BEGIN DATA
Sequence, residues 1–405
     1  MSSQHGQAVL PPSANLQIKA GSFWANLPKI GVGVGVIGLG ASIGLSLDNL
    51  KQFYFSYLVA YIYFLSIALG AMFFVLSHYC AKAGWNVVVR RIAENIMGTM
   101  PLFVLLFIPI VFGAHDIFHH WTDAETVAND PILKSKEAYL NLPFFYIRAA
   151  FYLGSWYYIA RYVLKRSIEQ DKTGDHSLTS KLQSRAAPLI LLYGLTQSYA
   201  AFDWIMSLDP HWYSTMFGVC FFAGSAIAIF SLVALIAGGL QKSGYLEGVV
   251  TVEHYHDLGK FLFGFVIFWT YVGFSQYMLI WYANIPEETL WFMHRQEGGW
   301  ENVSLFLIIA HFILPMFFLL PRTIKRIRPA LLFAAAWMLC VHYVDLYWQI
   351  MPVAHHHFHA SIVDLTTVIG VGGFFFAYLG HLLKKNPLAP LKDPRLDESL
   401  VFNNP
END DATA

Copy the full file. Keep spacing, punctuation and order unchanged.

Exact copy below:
Sequence, residues 1–405
     1  MSSQHGQAVL PPSANLQIKA GSFWANLPKI GVGVGVIGLG ASIGLSLDNL
    51  KQFYFSYLVA YIYFLSIALG AMFFVLSHYC AKAGWNVVVR RIAENIMGTM
   101  PLFVLLFIPI VFGAHDIFHH WTDAETVAND PILKSKEAYL NLPFFYIRAA
   151  FYLGSWYYIA RYVLKRSIEQ DKTGDHSLTS KLQSRAAPLI LLYGLTQSYA
   201  AFDWIMSLDP HWYSTMFGVC FFAGSAIAIF SLVALIAGGL QKSGYLEGVV
   251  TVEHYHDLGK FLFGFVIFWT YVGFSQYMLI WYANIPEETL WFMHRQEGGW
   301  ENVSLFLIIA HFILPMFFLL PRTIKRIRPA LLFAAAWMLC VHYVDLYWQI
   351  MPVAHHHFHA SIVDLTTVIG VGGFFFAYLG HLLKKNPLAP LKDPRLDESL
   401  VFNNP